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TERMINATION LAWYERS FOR PROFESSIONALS

Are you a professional that’s been terminated? Call us now. We can help.

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Job loss is one of the most stressful experiences that someone can go through. No matter your life situation, whether you’re married or single, have kids or no kids, own a home or rent an apartment, it can be an extremely stressful time in your life and certainly can be viewed as a significant career setback.

For professionals, being terminated can be an exceptionally difficult experience – but the feelings are no less or no greater than how others experience job loss. We are not robots. Although everyone has different coping mechanisms, going through some type of grieving process is inevitable, professional or not, and dealing with the emotional aftermath is almost always a challenging experience.

For professionals, however, the chances are that it will be much more difficult to find alternative equitable employment with a similar salary and benefits, as fast as others might be able to. It may also be difficult for older professionals who are terminated to find a similar or comparable position.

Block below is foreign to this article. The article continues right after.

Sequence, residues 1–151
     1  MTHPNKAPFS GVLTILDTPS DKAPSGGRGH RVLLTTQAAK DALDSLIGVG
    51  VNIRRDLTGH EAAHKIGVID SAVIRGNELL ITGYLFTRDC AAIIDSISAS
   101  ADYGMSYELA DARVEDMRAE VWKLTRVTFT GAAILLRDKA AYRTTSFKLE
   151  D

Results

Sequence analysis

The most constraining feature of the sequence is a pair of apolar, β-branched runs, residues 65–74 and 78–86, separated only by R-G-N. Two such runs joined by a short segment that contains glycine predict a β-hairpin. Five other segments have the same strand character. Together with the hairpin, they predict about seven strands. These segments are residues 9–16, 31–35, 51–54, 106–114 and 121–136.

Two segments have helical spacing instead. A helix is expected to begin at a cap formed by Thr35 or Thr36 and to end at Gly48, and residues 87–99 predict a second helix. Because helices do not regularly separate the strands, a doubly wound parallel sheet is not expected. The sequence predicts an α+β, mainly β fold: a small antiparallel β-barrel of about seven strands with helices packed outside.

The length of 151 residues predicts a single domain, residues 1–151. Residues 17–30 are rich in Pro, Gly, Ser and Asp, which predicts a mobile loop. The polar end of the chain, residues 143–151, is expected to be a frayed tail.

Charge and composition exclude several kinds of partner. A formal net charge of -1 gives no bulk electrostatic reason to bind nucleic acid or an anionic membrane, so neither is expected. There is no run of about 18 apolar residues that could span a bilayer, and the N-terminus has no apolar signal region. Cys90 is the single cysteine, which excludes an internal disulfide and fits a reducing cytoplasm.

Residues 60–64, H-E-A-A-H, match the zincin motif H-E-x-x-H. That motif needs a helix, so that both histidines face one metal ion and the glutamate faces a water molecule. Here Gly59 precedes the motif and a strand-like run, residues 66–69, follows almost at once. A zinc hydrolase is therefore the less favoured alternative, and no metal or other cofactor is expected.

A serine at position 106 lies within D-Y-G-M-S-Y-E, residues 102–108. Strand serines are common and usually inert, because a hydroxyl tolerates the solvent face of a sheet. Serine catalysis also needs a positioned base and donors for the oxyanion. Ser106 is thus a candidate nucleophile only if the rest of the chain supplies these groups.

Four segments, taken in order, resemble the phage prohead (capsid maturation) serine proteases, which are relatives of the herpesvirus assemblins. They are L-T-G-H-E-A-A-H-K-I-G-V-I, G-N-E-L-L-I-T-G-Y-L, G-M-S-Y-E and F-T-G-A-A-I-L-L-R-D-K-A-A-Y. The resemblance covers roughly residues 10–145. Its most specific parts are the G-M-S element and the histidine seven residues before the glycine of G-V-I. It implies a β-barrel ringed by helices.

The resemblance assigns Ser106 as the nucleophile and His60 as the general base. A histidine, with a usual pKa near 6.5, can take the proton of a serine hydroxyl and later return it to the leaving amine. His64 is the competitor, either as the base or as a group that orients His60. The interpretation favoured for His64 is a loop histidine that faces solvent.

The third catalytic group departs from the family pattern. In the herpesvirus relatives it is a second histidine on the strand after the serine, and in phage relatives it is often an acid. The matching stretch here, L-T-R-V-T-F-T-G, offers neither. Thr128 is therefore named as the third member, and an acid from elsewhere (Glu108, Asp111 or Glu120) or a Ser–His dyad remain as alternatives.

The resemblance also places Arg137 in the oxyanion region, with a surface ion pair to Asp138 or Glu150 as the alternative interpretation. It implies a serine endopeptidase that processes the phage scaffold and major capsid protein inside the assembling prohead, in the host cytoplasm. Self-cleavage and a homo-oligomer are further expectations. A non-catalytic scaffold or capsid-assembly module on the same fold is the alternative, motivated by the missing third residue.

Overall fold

Since 2003 we have assisted non-union professionals (any worker who earns their living from a specified professional activity) such as:

  • dentists;
  • hygienists;
  • accountants;
  • business valuators;
  • lawyers;
  • doctors;
  • broadcasters;
  • tv personnel;
  • athletes with contractual issues;
  • chemists;
  • developers;
  • marketing executives;
  • architects;
  • engineers;
  • and many more.

Professionals and severance

In Ontario, most employees are entitled to termination pay as set out in section 55 of the Employment Standards Act. Surprisingly, until 2012, professionals who required advance learning and who provided “professional services” such as teachers, doctors, lawyers, chemists, accountants, dentists, nurses, or pharmacists were not entitled to termination pay. Presently, however, any professional who provides professional services is entitled to notice of termination and termination pay.

What is termination pay, and how is it calculated?

Unlike the USA, Canada does not have at-will employment. All jurisdictions, including Ontario, have minimum standards legislation providing that the employer is required to provide a specific minimum amount of advance notice of the termination of the employment relationship. The period of notice is typically provided for as termination pay, in most circumstances.

To qualify for termination pay, the professional needs to have completed three months of service with his or her employer.

In order to calculate termination pay, the employer must calculate the employee’s length of service.  The termination notice period, based on length of service, is set out at Sections 54 and 57, Employment Standards Act, 2000, which provides the following: